Geographic variation in the circadian system controlling photoperiodism inOstrinia nubilalis

Abstract

1. The critical daylength for diapause induction is temperature dependent in three geographic strains ofOstrinia nubilalis. Critical daylength increases as the temperature is lowered, as does the general level of diapause. 2. The critical daylength and general level of diapause are also strain dependent at two constant temperatures (20 °C and 30 °C). The northern strain shows a longer critical daylength than the southern strains. The northern strain also shows a greater tendency to diapause at both temperatures. 3. Whether or not Nanda-Hamner experiments yield positive (induction of diapause rising and falling approximately every 24 h) or negative (nonrhythmic) results is a function of the strain being examined and the temperature of the experiment. The northern strain shows a nonrhythmic hourglass response at 20 °C but circadian periodicity at 30 °C. Conversely, southern strains show a nonperiodic pattern at 30 °C but circadian periodicity at 20 °C. 4. The results from Nanda-Hamner experiments are compatible with the pacemaker-slave model for circadian rhythmicity and photoperiodism recently proposed by Pittendrigh (1981). The critical daylength for diapause induction is temperature dependent in three geographic strains ofOstrinia nubilalis. Critical daylength increases as the temperature is lowered, as does the general level of diapause. The critical daylength and general level of diapause are also strain dependent at two constant temperatures (20 °C and 30 °C). The northern strain shows a longer critical daylength than the southern strains. The northern strain also shows a greater tendency to diapause at both temperatures. Whether or not Nanda-Hamner experiments yield positive (induction of diapause rising and falling approximately every 24 h) or negative (nonrhythmic) results is a function of the strain being examined and the temperature of the experiment. The northern strain shows a nonrhythmic hourglass response at 20 °C but circadian periodicity at 30 °C. Conversely, southern strains show a nonperiodic pattern at 30 °C but circadian periodicity at 20 °C. The results from Nanda-Hamner experiments are compatible with the pacemaker-slave model for circadian rhythmicity and photoperiodism recently proposed by Pittendrigh (1981).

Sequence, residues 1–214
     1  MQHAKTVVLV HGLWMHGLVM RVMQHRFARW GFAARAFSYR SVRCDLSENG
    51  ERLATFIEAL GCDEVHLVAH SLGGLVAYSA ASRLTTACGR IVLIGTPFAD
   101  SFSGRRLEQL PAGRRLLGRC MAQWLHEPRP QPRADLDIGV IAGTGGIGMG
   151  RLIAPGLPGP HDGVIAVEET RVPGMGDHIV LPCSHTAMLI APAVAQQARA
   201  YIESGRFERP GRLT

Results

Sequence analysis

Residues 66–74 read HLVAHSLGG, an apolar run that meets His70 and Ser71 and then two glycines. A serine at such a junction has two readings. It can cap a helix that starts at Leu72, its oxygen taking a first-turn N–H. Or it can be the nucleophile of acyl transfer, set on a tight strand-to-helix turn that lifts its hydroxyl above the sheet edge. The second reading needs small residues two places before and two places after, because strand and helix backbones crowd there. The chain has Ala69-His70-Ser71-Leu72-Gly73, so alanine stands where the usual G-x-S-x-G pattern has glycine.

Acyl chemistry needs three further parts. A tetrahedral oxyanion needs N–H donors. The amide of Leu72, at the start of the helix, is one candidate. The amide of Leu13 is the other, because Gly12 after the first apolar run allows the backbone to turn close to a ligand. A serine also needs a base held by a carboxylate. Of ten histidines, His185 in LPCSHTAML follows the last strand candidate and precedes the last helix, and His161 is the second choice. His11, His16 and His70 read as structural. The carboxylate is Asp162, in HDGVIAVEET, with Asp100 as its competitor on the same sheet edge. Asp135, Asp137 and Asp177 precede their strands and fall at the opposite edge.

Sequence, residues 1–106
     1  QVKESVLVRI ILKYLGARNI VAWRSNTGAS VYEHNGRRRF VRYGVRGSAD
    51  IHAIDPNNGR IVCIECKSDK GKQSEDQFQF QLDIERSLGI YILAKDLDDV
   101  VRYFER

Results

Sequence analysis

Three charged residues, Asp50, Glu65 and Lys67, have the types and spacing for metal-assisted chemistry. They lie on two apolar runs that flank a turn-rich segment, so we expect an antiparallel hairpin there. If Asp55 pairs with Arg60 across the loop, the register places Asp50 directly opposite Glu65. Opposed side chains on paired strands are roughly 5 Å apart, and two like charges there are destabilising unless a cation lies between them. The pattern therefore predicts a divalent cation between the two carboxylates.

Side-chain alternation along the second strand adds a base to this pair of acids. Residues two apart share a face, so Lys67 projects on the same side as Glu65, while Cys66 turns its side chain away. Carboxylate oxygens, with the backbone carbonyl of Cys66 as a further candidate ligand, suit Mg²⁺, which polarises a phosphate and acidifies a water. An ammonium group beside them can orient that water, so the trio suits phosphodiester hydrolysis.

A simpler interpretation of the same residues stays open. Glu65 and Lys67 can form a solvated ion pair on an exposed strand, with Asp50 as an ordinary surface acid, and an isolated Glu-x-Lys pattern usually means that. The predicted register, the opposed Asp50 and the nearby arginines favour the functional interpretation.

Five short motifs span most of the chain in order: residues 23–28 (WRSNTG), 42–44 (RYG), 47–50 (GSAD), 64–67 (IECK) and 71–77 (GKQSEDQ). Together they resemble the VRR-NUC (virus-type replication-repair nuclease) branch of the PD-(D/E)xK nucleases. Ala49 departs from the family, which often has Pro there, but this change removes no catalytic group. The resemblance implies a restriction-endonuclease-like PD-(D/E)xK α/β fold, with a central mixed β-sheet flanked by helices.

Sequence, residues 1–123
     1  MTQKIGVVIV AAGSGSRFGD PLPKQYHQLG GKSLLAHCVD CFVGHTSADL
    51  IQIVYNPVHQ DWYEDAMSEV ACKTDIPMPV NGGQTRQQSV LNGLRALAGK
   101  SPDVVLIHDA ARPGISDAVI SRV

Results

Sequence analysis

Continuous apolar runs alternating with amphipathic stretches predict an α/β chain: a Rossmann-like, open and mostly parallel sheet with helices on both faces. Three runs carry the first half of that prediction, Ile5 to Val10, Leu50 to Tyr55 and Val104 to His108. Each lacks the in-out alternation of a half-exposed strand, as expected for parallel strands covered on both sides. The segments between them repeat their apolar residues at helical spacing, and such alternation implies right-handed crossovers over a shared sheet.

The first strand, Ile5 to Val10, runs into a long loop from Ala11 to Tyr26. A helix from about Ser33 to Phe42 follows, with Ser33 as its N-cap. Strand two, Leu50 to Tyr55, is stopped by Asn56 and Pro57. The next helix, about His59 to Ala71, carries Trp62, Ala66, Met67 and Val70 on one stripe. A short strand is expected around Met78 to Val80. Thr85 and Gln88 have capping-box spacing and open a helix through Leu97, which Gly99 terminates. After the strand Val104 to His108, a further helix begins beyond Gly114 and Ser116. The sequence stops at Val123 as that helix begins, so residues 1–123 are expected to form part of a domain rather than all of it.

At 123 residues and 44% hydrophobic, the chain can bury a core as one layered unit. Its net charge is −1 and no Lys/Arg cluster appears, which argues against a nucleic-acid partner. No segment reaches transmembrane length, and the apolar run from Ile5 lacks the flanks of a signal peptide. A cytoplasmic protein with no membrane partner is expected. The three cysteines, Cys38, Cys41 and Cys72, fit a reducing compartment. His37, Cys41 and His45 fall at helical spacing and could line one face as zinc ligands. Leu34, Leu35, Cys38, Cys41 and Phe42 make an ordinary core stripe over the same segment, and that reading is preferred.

DOI: 10.1007/BF00619114

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Cite this paper

@article{Takeda2004GeographicVI, title={Geographic variation in the circadian system controlling photoperiodism inOstrinia nubilalis}, author={Makio Takeda and Steven D. Skopik}, journal={Journal of Comparative Physiology A}, year={2004}, volume={156}, pages={653-658} }